JAY: I guess what I'm getting at is that there's something at the structural level that finance has become so dominant now and such an enormous proportion of the GDP (and I can't remember the number; what is it, like, more than 40 percent of profit in the American economy was in finance; correct me if I'm wrong, but I think it was some very, very high number like that), that structurally finance is in a position now that the old way of thinking of how things might change, it simply has to be given up on, that there--you know, like, for example, if there's going to be demands made, it's about public banking, it's about things that change the paradigm, because the way things are structured now, you can't not do it through the current system.

    WEEKS: Well, I also like Jennifer's views on that, 'cause I think that that's quite pessimistic. I think we look back--.

    JAY: I'm not pessimistic about that happening. I'm very pessimistic about it happening through the current paradigm. I'm not pessimistic that people could fight for something else.

    WEEKS: Let me just say--let's just go back to 1920s just for a moment. Election of 1928, who did the Democrats nominate? They nominated Al Smith, a reactionary Democrat from New York who would later denounce Roosevelt. Both parties were parties of business in 1928.

    Comes 1932, Roosevelt is nominated; you have a different paradigm.

    There were tremendously powerful businessmen--they happened to be industrialists, they happened to own railroads and factories and things such as that. The fact that we have the economy run by a handful of people is nothing new. John D. Rockefeller, who controlled--basically, his stocks were something like 20 percent of the stocks on the U.S. stock market, or he's buying and selling. I mean, we should not think that the concentration of power we see now is anything new.

    JAY: Go ahead, Jennifer.

    TAUB: Yeah. I mean, I think my optimism springs from a great deal of pessimism or despair, and I think about that as the next generation. As you probably know, student loan debt is about $1 trillion. Unemployment and underemployment for folks getting right out of college or out of high school is tremendously high. And so these forces will converge.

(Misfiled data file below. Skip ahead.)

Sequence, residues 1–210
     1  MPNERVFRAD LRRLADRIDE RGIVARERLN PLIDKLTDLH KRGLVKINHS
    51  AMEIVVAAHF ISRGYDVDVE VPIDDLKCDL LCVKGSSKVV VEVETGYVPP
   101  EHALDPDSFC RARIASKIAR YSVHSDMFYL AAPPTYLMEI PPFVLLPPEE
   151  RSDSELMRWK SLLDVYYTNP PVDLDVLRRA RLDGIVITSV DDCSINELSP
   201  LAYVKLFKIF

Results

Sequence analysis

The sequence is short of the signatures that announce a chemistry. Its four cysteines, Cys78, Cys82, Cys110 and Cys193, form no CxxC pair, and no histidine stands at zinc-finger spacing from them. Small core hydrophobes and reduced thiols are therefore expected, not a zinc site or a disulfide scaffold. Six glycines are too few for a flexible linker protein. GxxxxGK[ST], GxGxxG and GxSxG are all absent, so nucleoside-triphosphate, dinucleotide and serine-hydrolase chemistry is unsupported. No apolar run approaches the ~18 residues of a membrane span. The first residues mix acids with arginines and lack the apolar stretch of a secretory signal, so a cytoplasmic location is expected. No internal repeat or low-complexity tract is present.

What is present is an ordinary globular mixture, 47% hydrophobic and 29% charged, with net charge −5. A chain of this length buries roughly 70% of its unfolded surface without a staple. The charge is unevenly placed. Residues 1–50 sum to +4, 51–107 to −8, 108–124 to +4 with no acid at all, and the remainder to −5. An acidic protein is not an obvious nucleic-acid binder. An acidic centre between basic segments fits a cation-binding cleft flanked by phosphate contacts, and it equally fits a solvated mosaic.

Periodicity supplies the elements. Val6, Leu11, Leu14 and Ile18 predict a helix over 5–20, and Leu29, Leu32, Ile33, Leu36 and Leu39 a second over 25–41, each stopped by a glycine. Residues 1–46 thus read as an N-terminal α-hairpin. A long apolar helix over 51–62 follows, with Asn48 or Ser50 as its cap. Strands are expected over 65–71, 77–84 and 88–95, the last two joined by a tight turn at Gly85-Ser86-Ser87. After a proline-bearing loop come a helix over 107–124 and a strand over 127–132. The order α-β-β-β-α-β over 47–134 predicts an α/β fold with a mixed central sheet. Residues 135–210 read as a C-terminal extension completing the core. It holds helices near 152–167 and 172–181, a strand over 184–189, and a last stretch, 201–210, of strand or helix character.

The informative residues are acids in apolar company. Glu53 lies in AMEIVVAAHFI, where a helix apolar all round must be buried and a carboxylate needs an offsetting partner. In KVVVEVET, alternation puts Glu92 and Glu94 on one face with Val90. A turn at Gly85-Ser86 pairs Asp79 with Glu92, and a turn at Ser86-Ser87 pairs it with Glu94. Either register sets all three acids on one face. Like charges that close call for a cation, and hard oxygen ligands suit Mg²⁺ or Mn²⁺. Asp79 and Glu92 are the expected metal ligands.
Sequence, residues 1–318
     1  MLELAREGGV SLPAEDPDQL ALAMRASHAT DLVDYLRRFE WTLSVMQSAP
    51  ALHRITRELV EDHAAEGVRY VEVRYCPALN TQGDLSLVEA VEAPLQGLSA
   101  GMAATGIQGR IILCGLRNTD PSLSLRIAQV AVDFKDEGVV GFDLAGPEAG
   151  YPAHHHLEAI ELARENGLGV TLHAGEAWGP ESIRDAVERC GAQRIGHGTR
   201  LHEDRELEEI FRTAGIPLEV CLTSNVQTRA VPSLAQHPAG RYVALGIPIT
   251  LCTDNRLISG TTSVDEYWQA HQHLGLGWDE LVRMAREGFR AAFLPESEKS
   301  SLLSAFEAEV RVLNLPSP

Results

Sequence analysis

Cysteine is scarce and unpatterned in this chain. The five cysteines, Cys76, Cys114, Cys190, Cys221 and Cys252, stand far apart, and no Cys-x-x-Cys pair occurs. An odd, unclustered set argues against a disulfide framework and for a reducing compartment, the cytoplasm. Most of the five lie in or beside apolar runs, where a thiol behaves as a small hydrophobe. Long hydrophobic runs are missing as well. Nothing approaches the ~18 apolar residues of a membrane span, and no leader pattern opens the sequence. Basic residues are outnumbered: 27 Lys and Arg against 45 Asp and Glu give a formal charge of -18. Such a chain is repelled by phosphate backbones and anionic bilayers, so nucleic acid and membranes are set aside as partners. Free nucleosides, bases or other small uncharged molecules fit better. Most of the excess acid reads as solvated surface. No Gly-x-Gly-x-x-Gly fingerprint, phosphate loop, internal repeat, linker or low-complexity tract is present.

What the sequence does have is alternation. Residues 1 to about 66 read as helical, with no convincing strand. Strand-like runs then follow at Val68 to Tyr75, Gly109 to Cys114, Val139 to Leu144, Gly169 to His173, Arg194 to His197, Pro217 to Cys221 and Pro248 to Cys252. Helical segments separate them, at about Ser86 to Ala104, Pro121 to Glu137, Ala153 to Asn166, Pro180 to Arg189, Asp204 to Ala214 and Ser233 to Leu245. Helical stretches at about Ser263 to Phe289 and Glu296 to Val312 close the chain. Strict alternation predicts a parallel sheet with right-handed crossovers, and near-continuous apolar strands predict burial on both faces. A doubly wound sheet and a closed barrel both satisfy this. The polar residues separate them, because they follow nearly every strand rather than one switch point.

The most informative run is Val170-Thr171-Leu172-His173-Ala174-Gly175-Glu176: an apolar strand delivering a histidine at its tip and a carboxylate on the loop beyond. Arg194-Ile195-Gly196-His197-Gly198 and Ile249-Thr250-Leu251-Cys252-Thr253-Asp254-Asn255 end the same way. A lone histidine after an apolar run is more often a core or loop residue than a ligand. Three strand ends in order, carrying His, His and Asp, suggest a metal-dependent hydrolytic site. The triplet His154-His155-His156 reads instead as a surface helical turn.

And, you know, the next generation is more progressive and has an expectation of a society that nurtures each person to achieve what they--their best and not where a few syphon away all the profits. I mean, if you talk to people in their, you know, 20s and 30s, that is--you know, the vast majority have those views. But they also have that much debt. And to some degree, one might think that the debt would--if employment were higher, then the debt would only encourage people to, you know, take jobs and go along to get along. But I think at this point, when you look at the Occupy movement, for example, which continues, there is a growing sense that radical transformation is necessary. And so I think that that is what makes me more optimistic.

    JAY: Okay. Well, we're going to continue this discussion. This is obviously something we can go on about.

    If you'd like to get in on it, you can write us--contact (at) therealnews (dot) com. Or you can Twitter me. My Twitter is @PaulJay_TRNN. Give us your thoughts on this, your questions, and we'll bring these guests and other guests back, and this will be a ongoing discussion about what's next.

    Thank you both for joining us.

    WEEKS: Thank you, Paul. It was a pleasure to be on Real News again.

    TAUB: Thank you, Paul.

    JAY: And thank you for joining us on The Real News Network.

    End

    DISCLAIMER: Please note that transcripts for The Real News Network are typed from a recording of the program. TRNN cannot guarantee their complete accuracy.